What a rush last night was! I’m not sure how long it’s been since I’ve been able to say that and mean it. To spend the morning glowing despite my hangover (thanks for that, Kanon Organic Vodka). Sure, it’s Fashion Week and everyone is buzzing about yet another shift in New York nightlife. Don Hill’s, The Darby, and Lavo have been touted as “game-changers” by our own Steve Lewis, and these varied new options have people going out in droves. But the shift really was palpable last night.
I was already succumbing to a mid-week slump, ready to retreat to bed early. But the evening’s itinerary was too enticing: The Last Magazine was throwing a party at a new spot called the Bunker Club, below Bill’s Bar & Burger, and Dossier decided to throw their party (with Kate Lanphear) at the buzzy Nolita taqueria Tacombi. The venues were not obvious choices, but, as I would soon find out, “game changers” themselves. I rolled up to a mass of fizzy downtown partiers smelling of beer and tacos on Elizabeth Street, and immediately felt that inner nightlife switch flip on.
Stella Artois is happy about this photo.
Kate was, per usual, the sharply dressed belle of the ball, hosting a post-Proenza show, which included, as she put it, “sorta anti-fashion cocktails for my homey and hero Dan Martensen.” He had set up a space next door to Tacombi, and was working with Dossier to take portraits of guests for a photo book, a “time capsule of fashion/art/film,” Lanphear explained. The crowd, so wonderfully varied, was eventually herded into Tacombi without protest. When was the last time you went to a party that was void of those entitled assholes who refuse to wait in line? There was no such madness amongst the mannered pals of Lanphear and Elle Creative Director Joe Zee. I’m dreading the fact that I might sound like another scene-whoring asshole myself, but the politeness put me at ease. Steve Lewis dropped by and was swayed towards staying in his neighborhood instead of moving to Williamsburg, like he thought he was going to do. Katie Gallagher, a designer whose show was styled by Lanphear this week, was clad in her signature geometric threads with her—dare I say—visionary graphic artist boyfriend Nikolay Saveliev. The couple is great to look at, but their soft-spoken manner and easy disposition make them lovely to chat with as well. The crowd was dotted with downtowners, fashion and anti-fashion folks alike. The sort of unfinished, raw restaurant looked like the perfect backdrop—a pseudo-outdoor camping party.
Billy from Billy’s Antiques Katie and Nikolay
I was reluctant to leave the party early, but there’s something about the Meatpacking that seems to make my pals skittish. “We should go now, or else we’re going to be waiting forever to get in,” one of them said. Indeed, a line had already formed outside of Bill’s Burgers, but it was a line that stood out like a sore thumb amidst the suits and tarts scampering around the nabe. Femme-bots, feathered caps, pirate tramps, and other artsy-looking mischief-makers weren’t waiting as patiently as the patrons of the former party, but the vampy Bettie Page-ish doorwoman was just doing her job (and doing it well). Former BlackBook chick Briana Rasinski was somehow involved with the basement bar. I texted her a wary, “I think I am heading over to your place?” Briana is an incredibly keyed-in nightlifer. She somehow knows everyone and, along with her brother Brett (who is tapped into the Waverly Inn crowd) and Matt Abramcyk of Beatrice notoriety, the team seems to have isolated that missing link in nightlife, and recreated it.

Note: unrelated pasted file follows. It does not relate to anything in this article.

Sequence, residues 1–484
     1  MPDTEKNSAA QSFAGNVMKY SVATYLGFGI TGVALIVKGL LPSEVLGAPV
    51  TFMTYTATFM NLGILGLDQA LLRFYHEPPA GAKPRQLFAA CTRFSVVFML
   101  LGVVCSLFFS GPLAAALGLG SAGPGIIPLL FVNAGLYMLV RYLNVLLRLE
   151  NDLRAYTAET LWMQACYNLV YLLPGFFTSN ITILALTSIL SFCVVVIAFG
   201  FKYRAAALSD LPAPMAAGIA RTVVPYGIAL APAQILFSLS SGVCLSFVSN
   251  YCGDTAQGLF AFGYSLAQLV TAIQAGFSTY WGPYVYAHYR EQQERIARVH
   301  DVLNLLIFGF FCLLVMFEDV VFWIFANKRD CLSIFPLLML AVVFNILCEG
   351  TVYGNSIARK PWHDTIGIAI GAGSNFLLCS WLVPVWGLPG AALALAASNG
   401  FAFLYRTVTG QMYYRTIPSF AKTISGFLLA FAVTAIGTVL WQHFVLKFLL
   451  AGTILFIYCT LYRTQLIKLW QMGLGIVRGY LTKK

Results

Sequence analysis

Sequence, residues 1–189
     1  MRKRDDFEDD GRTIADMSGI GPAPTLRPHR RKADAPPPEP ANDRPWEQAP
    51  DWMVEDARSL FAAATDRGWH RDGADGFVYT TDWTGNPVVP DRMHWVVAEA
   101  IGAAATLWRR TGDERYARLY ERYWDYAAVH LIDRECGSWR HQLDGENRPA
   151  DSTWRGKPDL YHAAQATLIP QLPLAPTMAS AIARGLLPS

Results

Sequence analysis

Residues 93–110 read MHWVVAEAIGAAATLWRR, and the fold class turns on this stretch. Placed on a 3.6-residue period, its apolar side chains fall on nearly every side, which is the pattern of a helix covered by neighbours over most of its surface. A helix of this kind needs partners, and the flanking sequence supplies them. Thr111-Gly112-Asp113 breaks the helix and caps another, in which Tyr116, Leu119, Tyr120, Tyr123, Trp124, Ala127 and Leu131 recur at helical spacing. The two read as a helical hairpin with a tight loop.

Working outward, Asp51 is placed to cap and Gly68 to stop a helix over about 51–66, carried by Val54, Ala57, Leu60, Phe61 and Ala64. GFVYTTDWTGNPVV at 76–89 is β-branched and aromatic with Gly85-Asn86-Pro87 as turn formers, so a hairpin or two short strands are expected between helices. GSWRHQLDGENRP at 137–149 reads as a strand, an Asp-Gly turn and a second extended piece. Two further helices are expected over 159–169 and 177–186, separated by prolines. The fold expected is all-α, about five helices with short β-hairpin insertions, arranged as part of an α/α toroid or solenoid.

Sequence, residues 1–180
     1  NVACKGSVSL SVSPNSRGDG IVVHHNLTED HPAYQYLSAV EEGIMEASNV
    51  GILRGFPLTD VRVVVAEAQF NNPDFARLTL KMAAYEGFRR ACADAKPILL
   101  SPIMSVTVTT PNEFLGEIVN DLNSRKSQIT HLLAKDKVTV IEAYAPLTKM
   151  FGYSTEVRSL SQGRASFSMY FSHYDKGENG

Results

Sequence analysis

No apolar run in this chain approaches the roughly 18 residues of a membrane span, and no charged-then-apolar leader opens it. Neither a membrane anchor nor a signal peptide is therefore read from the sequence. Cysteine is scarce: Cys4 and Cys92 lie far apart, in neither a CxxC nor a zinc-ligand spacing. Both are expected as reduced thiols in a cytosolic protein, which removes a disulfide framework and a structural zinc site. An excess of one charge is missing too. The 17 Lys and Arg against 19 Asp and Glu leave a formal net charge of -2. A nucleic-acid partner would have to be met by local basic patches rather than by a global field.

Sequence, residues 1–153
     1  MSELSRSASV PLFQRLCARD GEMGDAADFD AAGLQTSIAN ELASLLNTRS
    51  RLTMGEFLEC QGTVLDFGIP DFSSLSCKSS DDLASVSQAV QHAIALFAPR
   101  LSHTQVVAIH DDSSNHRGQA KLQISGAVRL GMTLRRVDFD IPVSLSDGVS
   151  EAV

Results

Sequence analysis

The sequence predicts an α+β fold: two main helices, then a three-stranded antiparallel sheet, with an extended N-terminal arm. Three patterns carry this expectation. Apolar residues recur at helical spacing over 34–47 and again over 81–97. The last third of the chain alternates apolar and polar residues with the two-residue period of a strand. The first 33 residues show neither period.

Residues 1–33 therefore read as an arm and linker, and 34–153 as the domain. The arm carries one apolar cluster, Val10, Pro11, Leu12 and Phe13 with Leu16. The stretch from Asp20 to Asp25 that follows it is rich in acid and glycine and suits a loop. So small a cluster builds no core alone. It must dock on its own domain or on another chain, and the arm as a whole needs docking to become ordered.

After bounding down the silent staircase, we were met with a blast of bass as soon as we opened the door. The space—a former wartime bunker—is big, but filled with nooks and secret spots. The layout is conducive to spending your whole evening at one bar. The main bar area is a sunken living room, with cozy furniture and weathered rugs, perfect for pre-gaming and catching up with friends. Once you’re suitably tipsy, the dancefloor is a few steps up, perched on a higher tier, surrounded by more tables and comfortable chairs. When you first descend the staircase, excitement builds because you have the full view of the entire place. DJ Maia Wojcik, careful not to use the old “this is the new Beatrice” adage, simply noted: “This is the closest thing I’ve seen to the Beatrice.” Indeed, the crowd was similar: artsy, good looking, successful, and more importantly, varied. Andre Balazs, mixed in with Alexander Wang and Alex Richards. Top models (not “B” models, as Steve Lewis says) like Anouck Lepere and Maryna Linchukhung were out in their best MOD looks. Of course, it was fashion week, and it was The Last Magazine. But this place seems like it has enough passionate people behind it to really light up the scene. Are the crowds going to be similar, even after fashion week has left the building? “Yes! Brett has the Waverly crowd, Matt has the Beatrice crowd, so it will be that familiar cross section of both—the prestigious and the party crowd,” she said. “How happy are we that we have a place to go out again?”
It seems a few select industry players have finally been able to pinpoint that intangible thing we’ve been missing in nightlife, that element of nostalgia—a shred of the familiar, house parties, living rooms—mixed with a jolt of innovation. New openings come and go, and those commercial “hotspots” that are produced en mass, for the masses, are void of feeling, and are likewise consumed without feeling. Excitement wanes, and the place, which was only superficially great, fades. But it seems places like the Darby, Don Hill’s, and, as I found out last night, Tacombi and Bunker are living up to the buzz they’re generating, largely because the people behind the new spots are more passionate, and more attune to their crowds. I have a feeling there will be a lot more to write about in nightlife this fall.